Welch earned his Bachelor of Science in Architecture and Master of Architecture from the University of Texas at Arlington. His work has received multiple Merit and Citation Awards from the Dallas Chapter of the American Institute of Architects (AIA), as well as their coveted Young Architect of the Year award. He has also earned honors from Preservation Dallas, the Texas Society of Architects, D Home magazine, and the AIA.

Welch is the past president of the Dallas Architectural Foundation and taught graduate-level architecture classes at UT Arlington. He is a past executive board member of the Dallas Chapter AIA, also serving two years as their Commissioner of Design, and has chaired multiple chapter events, including various home tours. He also served as a design awards juror for other chapters around the state.

Welch’s White Rock Home Tour house’s elegant simplicity and open spaces incorporate modern design to create an exception environment.

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They got a few real estate numbers wrong, but what does it matter? It’s the New York Times, right, and they got the design story spot on. Check out this splendidly glowing write up on Emily and Steve Summer’s house (with a well-deserved plug for her forthcoming book, “Distinctly Modern Interiors,” ) in the “affluent Dallas suburb of Highland Park” which their daughter, real estate dynamo Caroline Summers, found for them about 20 years ago:

Twenty years ago, when her daughter, Caroline, a real estate agent, saw a listing for a low-slung 1962 house designed by the architect Robert Johnson Perry in the affluent Dallas suburb of Highland Park, Ms. Summers and her husband, Steve Summers, who worked in finance before retiring, decided they should have a look.

“Originally they said the house cost $1.3 to buy and $1.5 was the total remodeling project,” says Caroline, who works with Briggs-Freeman Sotheby’s. “They must have been talking to my dad!”

The actual sales price was $1.5 and the remodeling tab shot northward of $2.5. No biggie. (more…)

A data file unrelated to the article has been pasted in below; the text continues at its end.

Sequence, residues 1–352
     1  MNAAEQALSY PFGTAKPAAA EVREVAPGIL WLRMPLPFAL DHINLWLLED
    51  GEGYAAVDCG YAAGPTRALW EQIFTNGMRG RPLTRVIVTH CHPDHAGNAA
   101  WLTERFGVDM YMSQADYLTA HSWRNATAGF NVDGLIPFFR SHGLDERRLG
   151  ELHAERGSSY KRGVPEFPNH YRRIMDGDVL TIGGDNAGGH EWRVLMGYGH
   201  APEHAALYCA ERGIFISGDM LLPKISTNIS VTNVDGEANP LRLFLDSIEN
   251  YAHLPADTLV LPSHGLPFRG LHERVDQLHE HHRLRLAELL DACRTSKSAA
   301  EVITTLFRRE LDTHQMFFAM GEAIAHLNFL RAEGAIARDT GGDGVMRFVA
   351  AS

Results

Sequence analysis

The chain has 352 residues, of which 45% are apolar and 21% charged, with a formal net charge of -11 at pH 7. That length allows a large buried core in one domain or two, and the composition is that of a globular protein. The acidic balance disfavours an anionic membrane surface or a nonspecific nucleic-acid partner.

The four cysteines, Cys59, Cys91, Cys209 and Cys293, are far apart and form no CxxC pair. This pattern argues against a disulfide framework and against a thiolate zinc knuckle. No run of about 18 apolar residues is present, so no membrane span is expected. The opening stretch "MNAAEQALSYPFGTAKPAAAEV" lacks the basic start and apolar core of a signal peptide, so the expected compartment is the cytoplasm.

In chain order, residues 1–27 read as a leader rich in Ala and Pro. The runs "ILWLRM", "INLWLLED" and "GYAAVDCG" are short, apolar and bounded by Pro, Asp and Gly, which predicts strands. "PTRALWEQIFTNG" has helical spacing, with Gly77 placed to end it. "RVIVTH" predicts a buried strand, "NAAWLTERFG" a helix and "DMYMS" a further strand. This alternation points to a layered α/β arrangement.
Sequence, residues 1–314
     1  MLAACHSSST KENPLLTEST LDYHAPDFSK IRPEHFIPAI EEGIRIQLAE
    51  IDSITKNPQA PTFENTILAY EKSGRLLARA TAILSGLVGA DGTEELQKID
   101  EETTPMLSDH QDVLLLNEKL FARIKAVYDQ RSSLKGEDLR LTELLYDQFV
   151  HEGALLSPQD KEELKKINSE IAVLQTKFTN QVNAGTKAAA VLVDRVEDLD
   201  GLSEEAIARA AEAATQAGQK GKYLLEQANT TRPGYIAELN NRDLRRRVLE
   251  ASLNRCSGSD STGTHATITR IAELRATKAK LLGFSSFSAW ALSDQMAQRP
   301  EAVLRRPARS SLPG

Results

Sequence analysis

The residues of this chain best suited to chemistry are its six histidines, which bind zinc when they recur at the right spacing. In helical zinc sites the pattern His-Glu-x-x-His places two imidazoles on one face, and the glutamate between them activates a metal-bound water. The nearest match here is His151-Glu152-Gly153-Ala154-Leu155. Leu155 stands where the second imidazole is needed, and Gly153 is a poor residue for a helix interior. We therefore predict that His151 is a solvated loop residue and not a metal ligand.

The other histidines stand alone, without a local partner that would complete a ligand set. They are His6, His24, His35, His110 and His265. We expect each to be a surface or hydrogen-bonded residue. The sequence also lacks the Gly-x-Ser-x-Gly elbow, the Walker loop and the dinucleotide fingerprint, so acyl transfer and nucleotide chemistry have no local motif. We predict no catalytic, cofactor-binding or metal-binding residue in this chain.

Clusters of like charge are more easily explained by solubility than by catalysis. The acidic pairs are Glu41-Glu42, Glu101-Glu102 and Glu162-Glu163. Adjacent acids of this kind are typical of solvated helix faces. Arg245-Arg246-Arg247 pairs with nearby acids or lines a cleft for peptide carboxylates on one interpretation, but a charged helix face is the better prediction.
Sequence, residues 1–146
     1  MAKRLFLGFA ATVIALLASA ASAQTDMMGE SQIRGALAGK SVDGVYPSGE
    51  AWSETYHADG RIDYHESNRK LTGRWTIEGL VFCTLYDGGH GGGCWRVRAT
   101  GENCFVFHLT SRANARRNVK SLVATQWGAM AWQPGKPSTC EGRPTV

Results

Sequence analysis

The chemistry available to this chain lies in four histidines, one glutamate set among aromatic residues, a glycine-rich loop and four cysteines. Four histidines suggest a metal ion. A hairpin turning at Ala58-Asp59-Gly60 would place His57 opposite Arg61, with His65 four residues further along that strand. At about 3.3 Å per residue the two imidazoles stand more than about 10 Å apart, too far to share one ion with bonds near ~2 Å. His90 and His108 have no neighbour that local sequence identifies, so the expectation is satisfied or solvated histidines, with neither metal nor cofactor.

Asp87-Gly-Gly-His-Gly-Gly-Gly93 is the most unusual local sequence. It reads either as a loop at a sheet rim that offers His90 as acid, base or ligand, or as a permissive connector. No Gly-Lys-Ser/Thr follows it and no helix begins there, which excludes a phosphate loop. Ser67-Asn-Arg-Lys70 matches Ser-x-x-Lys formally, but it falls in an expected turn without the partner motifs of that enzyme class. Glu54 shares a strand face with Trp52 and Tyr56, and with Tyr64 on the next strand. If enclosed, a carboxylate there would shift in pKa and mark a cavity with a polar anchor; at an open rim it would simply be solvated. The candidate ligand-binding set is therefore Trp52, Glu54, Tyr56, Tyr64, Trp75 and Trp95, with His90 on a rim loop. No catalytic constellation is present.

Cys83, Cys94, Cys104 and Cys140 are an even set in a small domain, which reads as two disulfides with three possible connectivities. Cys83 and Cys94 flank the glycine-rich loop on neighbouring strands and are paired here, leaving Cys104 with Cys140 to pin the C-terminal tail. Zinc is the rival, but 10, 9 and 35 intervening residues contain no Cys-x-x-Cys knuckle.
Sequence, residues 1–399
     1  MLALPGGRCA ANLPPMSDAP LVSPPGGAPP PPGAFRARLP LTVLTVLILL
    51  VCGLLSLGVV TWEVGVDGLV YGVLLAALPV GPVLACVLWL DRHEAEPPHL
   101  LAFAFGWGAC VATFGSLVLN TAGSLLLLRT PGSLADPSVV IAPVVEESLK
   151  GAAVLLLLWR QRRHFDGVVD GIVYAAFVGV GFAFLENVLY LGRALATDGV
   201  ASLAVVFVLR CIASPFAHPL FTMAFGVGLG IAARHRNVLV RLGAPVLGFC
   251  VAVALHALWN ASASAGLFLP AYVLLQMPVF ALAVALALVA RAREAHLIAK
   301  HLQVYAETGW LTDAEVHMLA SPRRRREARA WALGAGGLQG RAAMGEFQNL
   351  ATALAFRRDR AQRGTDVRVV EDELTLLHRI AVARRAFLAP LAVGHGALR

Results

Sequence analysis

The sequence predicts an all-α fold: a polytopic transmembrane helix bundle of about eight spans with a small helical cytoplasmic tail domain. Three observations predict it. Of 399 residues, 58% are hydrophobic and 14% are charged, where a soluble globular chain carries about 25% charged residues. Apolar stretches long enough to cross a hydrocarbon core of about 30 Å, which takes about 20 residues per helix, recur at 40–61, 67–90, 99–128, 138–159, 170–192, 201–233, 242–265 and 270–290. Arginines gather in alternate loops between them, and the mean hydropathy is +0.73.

Amangiri Resort & Spa, Kane County, Utah. (Photo Courtesy of the Architect)

Rick Joy

Rick Joy, founder of Rick Joy Architects (Studio Rick Joy), will speak at the Dallas Architecture Forum‘s Second Annual Frank Welch Memorial Lecture at 7:30 p.m. Wednesday, Jan. 23, in the Horchow Auditorium at the Dallas Museum of Art. Joy’s renowned Tucson, Arizona, firm is recognized for sensitive, thoughtful approaches to site, observation, process, landscape, and building, with projects ranging from trend-setting single-family homes to large-scale resort projects throughout the globe. 

Joy’s designs offer a striking parallel to Frank Welch‘s body of work. Welch, who died in 2017, worked under the tutelage of the legendary O’Neil Ford and was considered one of the most recognizable and prolific among Texas Modernist architects. Dallas is home to a significant number of Frank Welch designs, which painstakingly incorporate the natural surrounding elements to create a harmony between site and structure. Many of these homes have hosted Dallas Architecture Forum events. 

“All of our studio’s work is rooted in developing an understanding of a ‘place’ and how the house design will be integrated in harmony to its surroundings,” Joy told CandysDirt.com. “We investigate the ‘culture’ of other well-designed buildings in the area, and use that as a basis to develop a design appropriate to the natural environment of that site.”

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Our Steal: 720 Elsbeth Street is listed by Shana Acquisto of Acquisto Real Estate for $450,000.

This week we take you to Oak Cliff, one of Dallas’ most vibrant and desirable areas. Whether it’s convenient access to the trendy Bishop Arts District or lush parks and golf you’re after, Oak Cliff is a place where people go to thrive. And this tight-knit Dallas enclave makes for one fantastic Splurge vs. Steal. Here we demonstrate the neighborhood’s versatility by showcasing two outstanding Oak Cliff properties. Each have great locations and floor plans, but price points that are miles apart. Which one would you choose? The Kensington Lane Splurge or the Elsbeth Street Steal? We would love to hear in the comments.